Skip to main content

Witnessing North Atlantic westerlies variability from ships’ logbooks (1685–2008)

Abstract

A monthly index based on the persistence of the westerly winds over the English Chanel is constructed for 1685–2008 using daily data from ships’ logbooks and comprehensive marine meteorological datasets. The so-called Westerly Index (WI) provides the longest instrumental record of atmospheric circulation currently available. Anomalous WI values are associated with spatially coherent climatic signals in temperature and precipitation over large areas of Europe, which are stronger for precipitation than for temperature and in winter and summer than in transitional seasons. Overall, the WI series accord with the known European climatic history, and reveal that the frequency of the westerlies in the eastern Atlantic during the twentieth century and the Late Maunder Minimum was not exceptional in the context of the last three centuries. It is shown that the WI provides additional and complementary information to the North Atlantic Oscillation (NAO) indices. The analysis of WI series during the industrial era indicates an overall good agreement with the winter and high-summer NAO, with the exception of several multidecadal periods of weakened correlation. These decoupled periods between the frequency and the intensity of the zonal flow are interpreted on the basis of several sources of non-stationarity affecting the centres of the variability of the North Atlantic and their teleconnections. Comparisons with NAO reconstructions and long instrumental indices extending back to the seventeenth century suggest that similar situations have occurred in the past, which call for caution when reconstructing the past atmospheric circulation from climatic proxies. The robustness and extension of its climatic signal, the length of the series and its instrumental nature make the WI an excellent benchmark for proxy calibration in Europe and Greenland.

This is a preview of subscription content, access via your institution.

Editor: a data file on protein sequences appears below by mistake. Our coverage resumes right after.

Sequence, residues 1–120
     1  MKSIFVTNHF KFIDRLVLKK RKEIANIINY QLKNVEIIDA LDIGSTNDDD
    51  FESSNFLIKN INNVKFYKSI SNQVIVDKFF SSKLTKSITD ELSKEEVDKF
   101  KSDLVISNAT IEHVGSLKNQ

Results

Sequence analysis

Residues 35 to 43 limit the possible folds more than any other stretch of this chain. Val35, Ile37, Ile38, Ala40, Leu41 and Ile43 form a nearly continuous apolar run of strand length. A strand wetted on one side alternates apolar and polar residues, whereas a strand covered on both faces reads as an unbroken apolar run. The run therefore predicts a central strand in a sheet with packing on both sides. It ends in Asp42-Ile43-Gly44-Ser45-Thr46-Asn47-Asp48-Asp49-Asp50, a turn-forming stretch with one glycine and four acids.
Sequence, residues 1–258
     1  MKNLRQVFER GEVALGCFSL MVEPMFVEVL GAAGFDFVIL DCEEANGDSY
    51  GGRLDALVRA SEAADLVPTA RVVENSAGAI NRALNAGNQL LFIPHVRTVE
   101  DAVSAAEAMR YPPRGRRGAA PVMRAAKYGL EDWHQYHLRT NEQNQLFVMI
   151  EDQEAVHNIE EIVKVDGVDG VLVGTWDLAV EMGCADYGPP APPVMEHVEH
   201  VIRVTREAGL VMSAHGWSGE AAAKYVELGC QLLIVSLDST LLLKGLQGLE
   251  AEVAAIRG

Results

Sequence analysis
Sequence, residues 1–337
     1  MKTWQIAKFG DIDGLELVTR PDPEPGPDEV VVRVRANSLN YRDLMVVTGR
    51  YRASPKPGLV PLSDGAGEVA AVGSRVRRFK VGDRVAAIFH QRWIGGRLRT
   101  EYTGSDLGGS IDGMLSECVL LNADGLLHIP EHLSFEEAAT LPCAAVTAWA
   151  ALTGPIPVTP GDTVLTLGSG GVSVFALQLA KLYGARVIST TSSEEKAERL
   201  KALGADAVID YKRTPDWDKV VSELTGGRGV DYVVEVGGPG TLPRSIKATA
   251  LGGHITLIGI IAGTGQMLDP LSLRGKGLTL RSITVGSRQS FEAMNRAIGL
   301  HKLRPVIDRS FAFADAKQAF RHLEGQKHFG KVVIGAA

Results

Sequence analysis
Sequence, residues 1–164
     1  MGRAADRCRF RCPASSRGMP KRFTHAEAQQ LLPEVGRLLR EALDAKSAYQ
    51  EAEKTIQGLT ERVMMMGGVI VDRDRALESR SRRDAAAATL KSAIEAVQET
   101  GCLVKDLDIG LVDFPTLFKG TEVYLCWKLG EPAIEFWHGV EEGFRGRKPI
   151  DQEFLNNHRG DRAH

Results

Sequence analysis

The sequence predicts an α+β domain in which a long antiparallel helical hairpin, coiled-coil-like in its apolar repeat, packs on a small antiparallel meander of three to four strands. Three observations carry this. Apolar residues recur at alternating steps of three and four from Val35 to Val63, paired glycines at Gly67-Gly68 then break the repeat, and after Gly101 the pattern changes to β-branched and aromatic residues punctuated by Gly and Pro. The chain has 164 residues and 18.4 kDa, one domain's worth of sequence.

Fig. 1
Fig. 2
Fig. 3
Fig. 4
Fig. 5
Fig. 6
Fig. 7

References

  1. Ansell TJ, Jones PD, Allan RJ (2006) Daily mean sea level pressure reconstructions for the European–North Atlantic region for the period 1850–2003. J Clim 19:2717–2742

    Article  Google Scholar 

  2. Barnston AG, Livezey RE (1987) Classification, sesonality and persistence of low-frequency atmospheric circulation patterns. Mon Weather Rev 115:1083–1126

    Article  Google Scholar 

  3. Beck C, Jacobeit J, Jones PD (2007) Frequency and within-type variations of large-scale circulation types and their effects on low-frequency climate variability in Central Europe since 1780. Int J Climatol 27:473–491

    Article  Google Scholar 

  4. Bladé I, Liebmann B, Fortuny D, van Oldenborgh GJ (2012) Observed and simulated impacts of the summer NAO in Europe: implications for projected drying in the Mediterranean region. Clim Dyn. doi:10.1007/s00382-011-1195-x

    Google Scholar 

  5. Briffa KR, van der Schrier G, Jones P (2009) Wet and dry summers in Europe since 1750: evidence of increasing drought. Int J Climatol 29:1894–1905. doi:10.1002/joc.1836

    Article  Google Scholar 

  6. Brown TJ, Hall BL (1999) The use of t values in climatological composite analyses. J Clim 12:2941–2944

    Article  Google Scholar 

  7. Casty C, Handorf D, Raible CC, González-Rouco JF, Weisheimer A, Xoplaki E, Luterbacher J, Dethloff K, Wanner H (2005) Recurrent climate winter regimes in reconstructed and modeled 500 hPa geopotential height fields over the North Atlantic/European sector 1659–1990. Clim Dyn 24:809–822. doi:10.1007/s00382-004-0496-8

    Article  Google Scholar 

  8. Casty C, Raible CC, Stocker TF, Wanner H, Luterbacher J (2007) A European pattern climatology 1766–2000. Clim Dyn 29:791–805

    Article  Google Scholar 

  9. Chow GC (1960) Tests of equality between sets of coefficients in two linear regressions. Econometrica 28:591–605

    Article  Google Scholar 

  10. Compo GP, Whitaker JS, Sardeshmukh PD et al (2011) The twentieth century reanalysis project. Q J Roy Meteorol Soc 137:1–28. doi:10.1002/qj.776

    Article  Google Scholar 

  11. Cook ER, D’Arrigo RD, Mann ME (2002) A well-verified, multiproxy reconstruction of the winter North Atlantic Oscillation Index since A.D. 1400. J Clim 15:1754–1764

    Article  Google Scholar